The proposed Independent Contractors laws are explicit on this. As Buchanan and Briggs put it in a forthcoming article "Whilst the Government talks a lot about respecting the choices of the parties, it will legislate to outlaw the negotiation of any clauses on contractors by the parties to awards or agreements. In practice, the ICA will enhance the 'freedom of choice' for employers to redesignate employees as contractors. "

Despite herself, Ridout slips up. Enterprise bargaining is acknowledged as successful. In the industries she talks about, this means union bargaining and non-union collective bargaining. This is not enough.

Flexibility is King.

Ridout has had several opportunities this year to express her "vision" or her master's vision, for the future of work. That fortress of socialism, the ABC has been generous with airtime and she expanded on the "flexibility" idea in a discussion with Peter Mares, Chris Richardson from Access Economics (note to self:how did those filthy socialists let such business voices get on at the same time? Must have a word to the commissar!) and for the fabled "balance, Barbara Pocock joined them on "Big Ideas (2-5-05)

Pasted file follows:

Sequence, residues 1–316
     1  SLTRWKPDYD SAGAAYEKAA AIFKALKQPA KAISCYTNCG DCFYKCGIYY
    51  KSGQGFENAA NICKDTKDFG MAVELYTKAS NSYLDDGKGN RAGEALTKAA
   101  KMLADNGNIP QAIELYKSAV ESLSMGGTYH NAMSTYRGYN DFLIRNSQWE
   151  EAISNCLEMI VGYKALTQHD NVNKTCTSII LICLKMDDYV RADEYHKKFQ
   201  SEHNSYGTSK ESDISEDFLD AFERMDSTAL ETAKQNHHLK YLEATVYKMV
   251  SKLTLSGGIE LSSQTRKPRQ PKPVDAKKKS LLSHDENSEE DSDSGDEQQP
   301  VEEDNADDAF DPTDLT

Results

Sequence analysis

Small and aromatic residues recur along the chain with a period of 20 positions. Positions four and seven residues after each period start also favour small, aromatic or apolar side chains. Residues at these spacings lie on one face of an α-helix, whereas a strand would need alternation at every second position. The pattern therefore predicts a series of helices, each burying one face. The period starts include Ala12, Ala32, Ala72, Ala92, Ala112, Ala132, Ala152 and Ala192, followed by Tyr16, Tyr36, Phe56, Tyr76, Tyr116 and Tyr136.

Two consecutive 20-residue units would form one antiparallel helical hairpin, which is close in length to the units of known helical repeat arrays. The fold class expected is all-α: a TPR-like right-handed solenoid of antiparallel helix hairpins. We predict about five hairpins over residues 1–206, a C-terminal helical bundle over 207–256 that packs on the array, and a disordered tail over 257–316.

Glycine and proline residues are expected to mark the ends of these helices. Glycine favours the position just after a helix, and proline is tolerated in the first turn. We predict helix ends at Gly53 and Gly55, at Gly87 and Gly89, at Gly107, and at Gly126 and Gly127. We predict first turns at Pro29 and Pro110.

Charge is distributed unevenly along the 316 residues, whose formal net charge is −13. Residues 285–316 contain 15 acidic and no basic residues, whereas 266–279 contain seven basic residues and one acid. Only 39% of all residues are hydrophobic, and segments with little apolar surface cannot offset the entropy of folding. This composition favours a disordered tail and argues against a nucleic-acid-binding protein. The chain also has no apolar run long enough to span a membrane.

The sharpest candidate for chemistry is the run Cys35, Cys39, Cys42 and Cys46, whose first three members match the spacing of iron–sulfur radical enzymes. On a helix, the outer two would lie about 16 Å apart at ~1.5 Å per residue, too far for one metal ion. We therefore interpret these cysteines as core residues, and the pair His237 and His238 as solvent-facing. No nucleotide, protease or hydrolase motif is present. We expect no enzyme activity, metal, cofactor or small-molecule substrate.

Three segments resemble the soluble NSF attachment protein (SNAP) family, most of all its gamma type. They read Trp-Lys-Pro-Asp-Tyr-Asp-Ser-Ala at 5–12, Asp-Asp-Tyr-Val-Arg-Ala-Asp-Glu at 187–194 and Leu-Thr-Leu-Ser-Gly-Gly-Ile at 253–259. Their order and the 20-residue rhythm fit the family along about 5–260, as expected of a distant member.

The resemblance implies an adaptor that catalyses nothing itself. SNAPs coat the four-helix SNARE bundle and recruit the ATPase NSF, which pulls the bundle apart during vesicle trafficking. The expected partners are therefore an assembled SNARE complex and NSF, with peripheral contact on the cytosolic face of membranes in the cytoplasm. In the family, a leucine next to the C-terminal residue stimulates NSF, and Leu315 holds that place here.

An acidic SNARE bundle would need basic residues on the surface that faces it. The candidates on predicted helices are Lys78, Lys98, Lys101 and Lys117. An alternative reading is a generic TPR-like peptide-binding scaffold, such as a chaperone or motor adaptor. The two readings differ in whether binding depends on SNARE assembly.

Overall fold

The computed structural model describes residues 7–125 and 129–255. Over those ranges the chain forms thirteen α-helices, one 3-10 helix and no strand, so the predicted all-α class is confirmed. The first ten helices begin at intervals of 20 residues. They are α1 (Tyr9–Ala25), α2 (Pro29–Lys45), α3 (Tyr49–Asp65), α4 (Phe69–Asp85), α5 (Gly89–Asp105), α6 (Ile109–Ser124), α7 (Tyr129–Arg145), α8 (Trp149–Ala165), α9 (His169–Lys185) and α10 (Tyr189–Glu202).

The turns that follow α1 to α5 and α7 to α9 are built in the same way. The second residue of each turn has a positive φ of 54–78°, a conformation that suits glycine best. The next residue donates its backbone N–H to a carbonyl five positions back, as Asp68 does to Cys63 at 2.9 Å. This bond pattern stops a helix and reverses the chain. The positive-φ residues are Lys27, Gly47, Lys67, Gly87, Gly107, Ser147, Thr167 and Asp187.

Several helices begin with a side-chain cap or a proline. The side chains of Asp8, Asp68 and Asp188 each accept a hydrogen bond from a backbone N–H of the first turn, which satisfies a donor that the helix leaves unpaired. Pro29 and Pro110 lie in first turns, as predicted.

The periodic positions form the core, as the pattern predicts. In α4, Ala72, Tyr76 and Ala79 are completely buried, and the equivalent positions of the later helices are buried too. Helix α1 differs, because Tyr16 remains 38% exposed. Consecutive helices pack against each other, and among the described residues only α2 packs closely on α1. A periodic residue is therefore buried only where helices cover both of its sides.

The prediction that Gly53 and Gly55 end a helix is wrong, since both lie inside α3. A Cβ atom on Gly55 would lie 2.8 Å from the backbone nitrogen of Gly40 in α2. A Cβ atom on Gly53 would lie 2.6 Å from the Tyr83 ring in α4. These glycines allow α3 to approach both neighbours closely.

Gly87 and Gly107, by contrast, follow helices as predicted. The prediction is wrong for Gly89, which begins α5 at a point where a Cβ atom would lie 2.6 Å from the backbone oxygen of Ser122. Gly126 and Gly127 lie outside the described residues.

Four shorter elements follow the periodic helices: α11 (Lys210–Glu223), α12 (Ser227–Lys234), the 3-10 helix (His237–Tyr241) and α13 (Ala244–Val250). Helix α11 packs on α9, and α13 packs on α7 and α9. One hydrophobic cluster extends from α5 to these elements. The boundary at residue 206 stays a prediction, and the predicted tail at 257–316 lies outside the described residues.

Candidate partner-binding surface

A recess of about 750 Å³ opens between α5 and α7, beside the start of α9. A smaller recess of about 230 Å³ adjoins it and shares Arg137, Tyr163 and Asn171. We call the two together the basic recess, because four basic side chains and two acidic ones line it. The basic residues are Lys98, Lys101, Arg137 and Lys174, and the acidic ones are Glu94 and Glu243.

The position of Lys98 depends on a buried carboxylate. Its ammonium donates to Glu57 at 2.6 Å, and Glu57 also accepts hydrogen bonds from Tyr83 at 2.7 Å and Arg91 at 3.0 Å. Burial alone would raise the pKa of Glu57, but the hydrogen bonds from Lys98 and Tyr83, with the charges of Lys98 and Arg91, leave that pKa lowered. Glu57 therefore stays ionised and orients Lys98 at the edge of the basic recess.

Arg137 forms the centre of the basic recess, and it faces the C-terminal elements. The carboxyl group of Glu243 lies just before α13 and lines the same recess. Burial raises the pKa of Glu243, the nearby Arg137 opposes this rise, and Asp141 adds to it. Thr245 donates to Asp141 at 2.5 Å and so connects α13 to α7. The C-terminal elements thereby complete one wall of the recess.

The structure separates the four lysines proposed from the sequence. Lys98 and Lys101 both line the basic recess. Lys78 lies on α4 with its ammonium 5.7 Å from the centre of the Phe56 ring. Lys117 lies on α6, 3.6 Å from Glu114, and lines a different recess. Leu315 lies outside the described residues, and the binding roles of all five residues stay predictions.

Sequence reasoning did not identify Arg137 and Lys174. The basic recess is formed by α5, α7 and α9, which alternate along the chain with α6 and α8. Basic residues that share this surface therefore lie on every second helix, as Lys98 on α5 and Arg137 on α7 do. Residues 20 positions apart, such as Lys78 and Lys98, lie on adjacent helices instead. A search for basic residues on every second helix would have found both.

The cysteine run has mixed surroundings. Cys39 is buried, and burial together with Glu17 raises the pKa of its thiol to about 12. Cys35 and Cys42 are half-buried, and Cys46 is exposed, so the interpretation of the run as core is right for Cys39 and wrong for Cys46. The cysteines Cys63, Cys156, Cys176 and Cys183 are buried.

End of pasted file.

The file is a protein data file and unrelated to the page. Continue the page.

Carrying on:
Well many workers say that; that the kind of flexibility that the parent, for example, looks for is the chance to have some say over when they start and finish, over when they take their annual leave, and over their total hours. And those kinds of flexibilities are often not in the hands of employees, and really complicate the business of life and care--as well as trying, of course, to be productive at work. So some employees have less flexibility than their employers are seeking--and have.